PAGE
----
Superintendent: Milford reading skills falter

MILFORD – Test data on Milford student achievement conflicts in several areas with results of a recent community survey, especially as they relate to math and English proficiency, Superintendent Jessica Huzienga told the school board recently.

During a slide presentation at the board’s Nov. 5 meeting, Huzienga said 84 percent of survey respondents believe the district is “effective to extremely effective” in English language arts.

Yet in reading, she said, Milford is three grade levels below the state average, with grade 8 the only grade to reach 70 percent proficiency and four grades below 60 percent.

Huzienga, who was hired last summer to replace retiring superintendent Robert Marquis, also noted that during the teacher interviews she conducted earlier this school year, the majority were concerned about math, not English, but English is the cause for concern.

“Here is the difference between perception and what the data is actually telling us,” she said, with data showing the opposite of the perception: math scores are better than English scores as they relate to the state average.

Testing knows as DIBELS (Dynamic Indicators of Basic Early Literacy Skills), she said, show students are leaving kindergarten and grade 1 with 69 percent of them needing intensive intervention.

At the high school, however, the SAT scores exceed the state average and AP scores are “decent,” she said, “so there is something that is happening in the shift” from lower grades to high school.

Science survey responses are “really interesting,” she said, with 77 percent of respondents feel the schools are “effective to extremely effective,” yet at the high school state test results in science are at 43 percent, “which is very low,” she said, “We definitely have work to do.” think a lot has to do with “time on learning.” High class sizes in the elementary and middle school, she said, seem to lead to very low proficiency at the high school.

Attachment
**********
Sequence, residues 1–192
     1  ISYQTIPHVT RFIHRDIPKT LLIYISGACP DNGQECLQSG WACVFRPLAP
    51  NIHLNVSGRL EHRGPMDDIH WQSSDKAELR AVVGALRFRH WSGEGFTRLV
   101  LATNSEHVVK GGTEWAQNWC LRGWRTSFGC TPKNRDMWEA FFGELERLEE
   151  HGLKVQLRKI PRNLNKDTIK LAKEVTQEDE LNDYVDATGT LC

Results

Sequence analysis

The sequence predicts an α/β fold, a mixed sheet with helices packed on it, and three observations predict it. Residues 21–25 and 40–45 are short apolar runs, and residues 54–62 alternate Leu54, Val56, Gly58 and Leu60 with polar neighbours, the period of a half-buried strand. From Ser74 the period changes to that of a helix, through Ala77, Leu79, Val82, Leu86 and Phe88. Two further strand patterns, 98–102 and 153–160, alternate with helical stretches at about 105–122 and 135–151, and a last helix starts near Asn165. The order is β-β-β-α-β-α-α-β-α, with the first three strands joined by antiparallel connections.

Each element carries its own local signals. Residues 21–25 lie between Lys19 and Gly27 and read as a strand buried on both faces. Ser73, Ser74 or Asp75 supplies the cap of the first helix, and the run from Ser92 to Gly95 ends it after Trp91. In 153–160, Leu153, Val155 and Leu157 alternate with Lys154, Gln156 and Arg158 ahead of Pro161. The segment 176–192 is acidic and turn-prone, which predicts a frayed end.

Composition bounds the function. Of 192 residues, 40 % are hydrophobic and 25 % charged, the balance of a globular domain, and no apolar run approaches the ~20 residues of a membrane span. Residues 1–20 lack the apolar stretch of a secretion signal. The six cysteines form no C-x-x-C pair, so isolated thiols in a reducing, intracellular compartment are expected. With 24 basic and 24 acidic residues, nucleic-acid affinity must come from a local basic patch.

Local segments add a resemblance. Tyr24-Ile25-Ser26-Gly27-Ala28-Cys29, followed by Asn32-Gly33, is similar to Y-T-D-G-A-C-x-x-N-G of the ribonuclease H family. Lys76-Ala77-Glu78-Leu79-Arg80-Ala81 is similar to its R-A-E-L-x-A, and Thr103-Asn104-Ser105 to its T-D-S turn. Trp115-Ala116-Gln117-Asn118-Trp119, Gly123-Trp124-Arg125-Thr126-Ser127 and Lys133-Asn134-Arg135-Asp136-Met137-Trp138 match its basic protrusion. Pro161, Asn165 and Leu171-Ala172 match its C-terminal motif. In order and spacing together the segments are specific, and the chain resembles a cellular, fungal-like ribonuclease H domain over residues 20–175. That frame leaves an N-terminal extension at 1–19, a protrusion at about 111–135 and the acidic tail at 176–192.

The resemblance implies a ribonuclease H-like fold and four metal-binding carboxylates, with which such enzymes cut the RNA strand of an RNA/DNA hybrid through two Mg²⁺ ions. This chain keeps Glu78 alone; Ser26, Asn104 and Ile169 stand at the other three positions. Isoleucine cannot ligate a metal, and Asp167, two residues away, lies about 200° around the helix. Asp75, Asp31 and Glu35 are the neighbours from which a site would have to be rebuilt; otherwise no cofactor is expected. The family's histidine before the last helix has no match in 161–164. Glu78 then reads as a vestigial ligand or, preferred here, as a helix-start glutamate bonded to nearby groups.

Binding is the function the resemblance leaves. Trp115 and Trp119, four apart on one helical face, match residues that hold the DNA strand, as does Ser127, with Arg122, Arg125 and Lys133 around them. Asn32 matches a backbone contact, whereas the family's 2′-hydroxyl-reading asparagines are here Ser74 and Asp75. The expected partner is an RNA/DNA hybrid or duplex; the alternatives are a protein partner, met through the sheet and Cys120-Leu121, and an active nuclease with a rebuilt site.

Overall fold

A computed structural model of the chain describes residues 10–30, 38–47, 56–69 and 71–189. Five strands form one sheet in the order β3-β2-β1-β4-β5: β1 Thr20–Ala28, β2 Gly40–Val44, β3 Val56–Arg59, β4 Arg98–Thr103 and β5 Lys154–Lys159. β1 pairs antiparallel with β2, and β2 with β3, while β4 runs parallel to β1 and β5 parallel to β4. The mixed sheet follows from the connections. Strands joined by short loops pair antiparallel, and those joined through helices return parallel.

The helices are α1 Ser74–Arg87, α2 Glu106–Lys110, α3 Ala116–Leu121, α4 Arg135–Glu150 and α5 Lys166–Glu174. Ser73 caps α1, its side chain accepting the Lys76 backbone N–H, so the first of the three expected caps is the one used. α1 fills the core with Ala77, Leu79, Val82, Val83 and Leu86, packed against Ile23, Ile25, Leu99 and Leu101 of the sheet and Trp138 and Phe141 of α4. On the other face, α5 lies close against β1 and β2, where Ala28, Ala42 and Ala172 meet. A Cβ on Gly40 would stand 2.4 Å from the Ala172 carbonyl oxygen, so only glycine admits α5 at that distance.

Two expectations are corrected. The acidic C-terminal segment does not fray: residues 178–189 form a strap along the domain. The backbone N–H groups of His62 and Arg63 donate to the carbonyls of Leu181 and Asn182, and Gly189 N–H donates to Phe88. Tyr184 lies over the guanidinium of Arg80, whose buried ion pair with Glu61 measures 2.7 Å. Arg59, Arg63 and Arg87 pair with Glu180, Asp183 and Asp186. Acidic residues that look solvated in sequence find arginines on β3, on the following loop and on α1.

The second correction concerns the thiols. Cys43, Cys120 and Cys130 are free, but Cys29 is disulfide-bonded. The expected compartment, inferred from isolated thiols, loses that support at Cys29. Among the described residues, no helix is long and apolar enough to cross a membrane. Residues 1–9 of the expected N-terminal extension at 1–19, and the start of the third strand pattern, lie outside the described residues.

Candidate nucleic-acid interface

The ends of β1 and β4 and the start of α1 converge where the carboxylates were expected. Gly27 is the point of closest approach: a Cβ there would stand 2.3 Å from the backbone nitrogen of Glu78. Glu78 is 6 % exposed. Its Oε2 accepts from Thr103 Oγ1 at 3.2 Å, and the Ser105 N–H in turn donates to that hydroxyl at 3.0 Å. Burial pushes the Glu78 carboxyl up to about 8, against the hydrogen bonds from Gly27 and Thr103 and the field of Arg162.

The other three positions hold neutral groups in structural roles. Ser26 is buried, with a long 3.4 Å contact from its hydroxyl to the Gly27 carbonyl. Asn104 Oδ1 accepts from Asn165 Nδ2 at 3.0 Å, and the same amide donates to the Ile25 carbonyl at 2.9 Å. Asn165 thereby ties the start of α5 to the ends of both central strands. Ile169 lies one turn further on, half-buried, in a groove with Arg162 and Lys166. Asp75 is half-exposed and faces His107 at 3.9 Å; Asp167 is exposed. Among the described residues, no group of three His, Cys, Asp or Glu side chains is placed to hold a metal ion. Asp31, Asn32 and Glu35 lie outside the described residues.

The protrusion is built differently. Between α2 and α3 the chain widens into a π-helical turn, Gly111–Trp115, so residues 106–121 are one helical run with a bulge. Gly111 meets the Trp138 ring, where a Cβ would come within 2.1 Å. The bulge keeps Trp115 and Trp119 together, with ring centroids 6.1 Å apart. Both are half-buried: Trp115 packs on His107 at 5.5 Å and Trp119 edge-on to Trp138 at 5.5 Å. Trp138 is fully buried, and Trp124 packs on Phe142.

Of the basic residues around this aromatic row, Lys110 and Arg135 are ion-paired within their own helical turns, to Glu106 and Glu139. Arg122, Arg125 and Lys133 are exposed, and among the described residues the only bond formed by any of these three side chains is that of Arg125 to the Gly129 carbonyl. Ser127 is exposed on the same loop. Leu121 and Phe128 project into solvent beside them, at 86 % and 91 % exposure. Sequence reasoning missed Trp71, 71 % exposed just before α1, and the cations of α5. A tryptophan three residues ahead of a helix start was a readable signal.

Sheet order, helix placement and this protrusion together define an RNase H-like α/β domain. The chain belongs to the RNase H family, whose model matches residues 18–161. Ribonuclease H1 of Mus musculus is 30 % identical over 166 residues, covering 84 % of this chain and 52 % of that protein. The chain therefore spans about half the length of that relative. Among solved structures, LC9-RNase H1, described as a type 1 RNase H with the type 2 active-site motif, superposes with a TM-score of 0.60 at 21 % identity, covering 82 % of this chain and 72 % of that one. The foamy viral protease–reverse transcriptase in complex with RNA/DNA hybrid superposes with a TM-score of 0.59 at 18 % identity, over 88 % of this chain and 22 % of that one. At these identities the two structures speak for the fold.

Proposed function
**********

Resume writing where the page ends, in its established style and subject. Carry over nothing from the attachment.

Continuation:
The survey is part of the district’s strategic planning process now underway, and 259 people responded, or 10 percent of the population, which the superintendent called statistically significant. The majority were parents of current students and the rest included elected officials, business and church leaders and some alumni.

Spanish has the highest enrollment in the foreign languages, with 231 out of the 810 high school students enrolled, and there would be more if scheduling obstacles were removed, she said. The French program is “slowly dying,” Huizenga said, with only 25 enrolled in the high school. Only 36 students are enrolled in Latin, though the survey respondents called the language very important.

“When I was a middle school principal,” she said, “Latin was one of four languages, and Latin students always outperformed on SATs those taking other languages.”

Survey respondants also said they would like more meaningful communication with the district. School board Chairman Ron Carvell said board members need time to absorb the information.

Kathy Cleveland can be reached at 673-3100 or